Earlier this week news began to filter onto English language defence news sites from Russian media sources that the Russian Military may be considering a move away from 5.45×39 back to 7.62×39. This is not the case.
The story stems from a short passage in an article written by an officer of the 3rd Central Research Institute of the Russian Defence Ministry. The article, titled ‘The main directions of development of the missile and artillery armament system of the Ground Forces of the Armed Forces of the Russian Federation‘, postulated about the continuing use of 5.45 and a potential focus on a 7.62 calibre round, but this was not the main topic if the piece. The article said (translated):
The existing system of small arms is based on samples of individual weapons (machine guns, sniper rifles) and machine guns of two calibers – 5.45 and 7.62 mm. In the future, it is possible to abandon the use of 5.45 mm weapons in the Ground Forces due to the insufficient penetration of bullets for personnel in personal protective equipment at medium and increased firing ranges and to concentrate efforts on upgrading and improving the performance characteristics of ammunition and 7.62 caliber weapons mm Artillery ammunition.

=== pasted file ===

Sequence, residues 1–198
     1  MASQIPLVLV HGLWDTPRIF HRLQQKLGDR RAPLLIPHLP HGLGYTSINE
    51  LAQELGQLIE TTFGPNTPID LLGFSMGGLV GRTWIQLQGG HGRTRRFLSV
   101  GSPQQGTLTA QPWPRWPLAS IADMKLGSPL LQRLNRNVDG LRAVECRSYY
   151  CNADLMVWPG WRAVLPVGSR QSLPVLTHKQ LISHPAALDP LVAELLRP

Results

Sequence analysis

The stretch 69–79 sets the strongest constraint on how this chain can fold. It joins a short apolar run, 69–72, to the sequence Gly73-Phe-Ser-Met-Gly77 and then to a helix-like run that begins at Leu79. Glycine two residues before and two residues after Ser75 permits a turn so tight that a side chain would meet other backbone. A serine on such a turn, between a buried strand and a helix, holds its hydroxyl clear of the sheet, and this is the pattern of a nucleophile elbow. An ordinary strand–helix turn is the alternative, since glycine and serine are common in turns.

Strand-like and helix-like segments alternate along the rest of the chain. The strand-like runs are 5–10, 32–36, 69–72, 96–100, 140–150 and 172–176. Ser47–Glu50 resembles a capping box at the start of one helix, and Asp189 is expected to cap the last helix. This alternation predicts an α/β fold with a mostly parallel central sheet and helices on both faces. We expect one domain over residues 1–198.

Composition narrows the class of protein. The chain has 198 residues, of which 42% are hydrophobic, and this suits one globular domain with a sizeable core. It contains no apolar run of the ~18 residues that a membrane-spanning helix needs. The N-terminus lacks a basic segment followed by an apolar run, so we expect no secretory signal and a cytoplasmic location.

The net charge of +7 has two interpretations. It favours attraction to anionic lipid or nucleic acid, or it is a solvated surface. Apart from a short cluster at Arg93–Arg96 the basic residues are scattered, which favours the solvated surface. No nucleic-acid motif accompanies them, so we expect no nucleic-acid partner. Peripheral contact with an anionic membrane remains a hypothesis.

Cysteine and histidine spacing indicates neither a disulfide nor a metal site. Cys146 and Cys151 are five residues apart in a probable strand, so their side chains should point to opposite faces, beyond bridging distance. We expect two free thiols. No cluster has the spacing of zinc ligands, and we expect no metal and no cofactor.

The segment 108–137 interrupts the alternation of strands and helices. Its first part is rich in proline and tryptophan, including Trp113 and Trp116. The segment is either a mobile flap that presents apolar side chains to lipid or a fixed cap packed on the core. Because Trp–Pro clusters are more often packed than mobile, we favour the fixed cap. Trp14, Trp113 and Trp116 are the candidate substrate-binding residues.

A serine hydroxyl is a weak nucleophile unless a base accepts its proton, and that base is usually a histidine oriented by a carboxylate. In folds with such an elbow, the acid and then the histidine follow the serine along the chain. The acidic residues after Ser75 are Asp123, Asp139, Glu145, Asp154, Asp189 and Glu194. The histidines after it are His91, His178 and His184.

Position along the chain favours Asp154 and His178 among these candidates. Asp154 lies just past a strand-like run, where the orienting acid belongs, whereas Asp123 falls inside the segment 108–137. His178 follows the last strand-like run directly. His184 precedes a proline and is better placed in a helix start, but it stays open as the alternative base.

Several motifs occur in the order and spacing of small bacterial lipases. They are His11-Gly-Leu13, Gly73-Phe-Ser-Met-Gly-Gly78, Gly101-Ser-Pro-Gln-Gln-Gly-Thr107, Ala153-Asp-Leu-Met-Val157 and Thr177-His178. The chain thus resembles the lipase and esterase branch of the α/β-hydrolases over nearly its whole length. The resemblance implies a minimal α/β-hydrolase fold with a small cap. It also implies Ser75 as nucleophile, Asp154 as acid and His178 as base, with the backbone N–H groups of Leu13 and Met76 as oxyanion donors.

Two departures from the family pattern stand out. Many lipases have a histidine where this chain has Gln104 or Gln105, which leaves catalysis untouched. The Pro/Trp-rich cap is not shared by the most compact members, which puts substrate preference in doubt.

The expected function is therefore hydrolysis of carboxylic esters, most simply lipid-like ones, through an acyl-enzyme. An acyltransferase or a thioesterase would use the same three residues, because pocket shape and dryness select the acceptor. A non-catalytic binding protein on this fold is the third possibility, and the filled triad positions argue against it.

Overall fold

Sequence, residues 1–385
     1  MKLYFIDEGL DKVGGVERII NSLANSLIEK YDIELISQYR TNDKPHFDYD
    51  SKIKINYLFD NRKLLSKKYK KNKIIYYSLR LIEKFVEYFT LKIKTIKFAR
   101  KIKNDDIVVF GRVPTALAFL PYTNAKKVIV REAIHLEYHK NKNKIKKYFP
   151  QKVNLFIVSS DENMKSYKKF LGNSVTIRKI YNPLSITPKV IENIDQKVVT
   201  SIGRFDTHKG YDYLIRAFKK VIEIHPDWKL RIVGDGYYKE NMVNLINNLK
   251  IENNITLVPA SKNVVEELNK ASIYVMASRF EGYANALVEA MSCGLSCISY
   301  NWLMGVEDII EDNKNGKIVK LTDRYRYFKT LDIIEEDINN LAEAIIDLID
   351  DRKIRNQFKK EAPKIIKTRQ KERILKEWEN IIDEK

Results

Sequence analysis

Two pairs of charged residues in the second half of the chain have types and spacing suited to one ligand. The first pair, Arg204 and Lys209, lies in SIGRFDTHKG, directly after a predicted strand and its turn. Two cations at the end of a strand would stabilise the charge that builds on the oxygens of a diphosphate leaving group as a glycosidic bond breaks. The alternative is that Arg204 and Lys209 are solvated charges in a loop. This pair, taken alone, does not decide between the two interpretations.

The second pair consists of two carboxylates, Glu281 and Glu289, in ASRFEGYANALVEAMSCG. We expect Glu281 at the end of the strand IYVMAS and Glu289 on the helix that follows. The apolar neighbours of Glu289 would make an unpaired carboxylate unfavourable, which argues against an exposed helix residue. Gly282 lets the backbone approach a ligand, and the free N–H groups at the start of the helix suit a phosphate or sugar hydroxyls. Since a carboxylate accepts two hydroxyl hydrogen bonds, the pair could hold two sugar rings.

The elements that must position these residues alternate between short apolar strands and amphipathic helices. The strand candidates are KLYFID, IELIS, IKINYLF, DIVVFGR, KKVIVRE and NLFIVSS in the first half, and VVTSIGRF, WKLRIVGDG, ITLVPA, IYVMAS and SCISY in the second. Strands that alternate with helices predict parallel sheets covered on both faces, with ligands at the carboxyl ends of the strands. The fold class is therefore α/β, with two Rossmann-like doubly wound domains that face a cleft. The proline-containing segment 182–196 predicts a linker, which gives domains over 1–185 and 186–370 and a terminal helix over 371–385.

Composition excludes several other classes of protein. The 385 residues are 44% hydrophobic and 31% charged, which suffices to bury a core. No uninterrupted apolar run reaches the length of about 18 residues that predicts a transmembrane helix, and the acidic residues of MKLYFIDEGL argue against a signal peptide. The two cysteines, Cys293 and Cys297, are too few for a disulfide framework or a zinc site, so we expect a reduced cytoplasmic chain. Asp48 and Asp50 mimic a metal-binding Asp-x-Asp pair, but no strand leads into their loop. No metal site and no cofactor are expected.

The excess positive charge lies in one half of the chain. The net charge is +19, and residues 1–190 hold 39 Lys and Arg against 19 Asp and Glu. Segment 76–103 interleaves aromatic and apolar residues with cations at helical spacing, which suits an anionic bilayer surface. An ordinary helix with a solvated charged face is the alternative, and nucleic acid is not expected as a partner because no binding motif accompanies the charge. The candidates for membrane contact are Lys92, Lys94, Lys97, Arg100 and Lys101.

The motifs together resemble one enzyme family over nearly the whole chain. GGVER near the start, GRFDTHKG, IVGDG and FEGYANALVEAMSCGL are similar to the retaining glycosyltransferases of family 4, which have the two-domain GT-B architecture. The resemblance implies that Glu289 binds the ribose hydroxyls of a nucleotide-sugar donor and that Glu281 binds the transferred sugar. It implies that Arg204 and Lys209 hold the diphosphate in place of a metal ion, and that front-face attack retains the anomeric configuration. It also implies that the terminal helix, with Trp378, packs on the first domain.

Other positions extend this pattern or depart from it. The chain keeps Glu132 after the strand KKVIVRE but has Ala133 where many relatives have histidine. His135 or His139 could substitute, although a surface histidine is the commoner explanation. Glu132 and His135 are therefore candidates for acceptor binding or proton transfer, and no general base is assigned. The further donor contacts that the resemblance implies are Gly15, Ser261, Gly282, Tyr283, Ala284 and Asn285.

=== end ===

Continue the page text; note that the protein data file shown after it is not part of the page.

This was reported by several Russian media outlets, including TASS. From the context, it was assumed that the 7.62 calibre weapons referred to were 7.62x39mm chambered but they may also have been referring to the larger 7.62×54mmR still in use with Russian forces – which has much more armour piercing potential.
Since the initial coverage in the media, however, Russian Military sources have denied any suggestion that 5.45 may be on the way out. Interfax, a Russian news outlet, reported that “In practical terms, this issue is not being considered now”. The Russian Army’s recent decision to adopt the new AK-12, chambered in 5.45×39, also casts doubts on the suggestion Russia might abandon their intermediate calibre. While the article may not represent the Russian military’s official position it does show that concerns about armour penetration are not just confined to the West.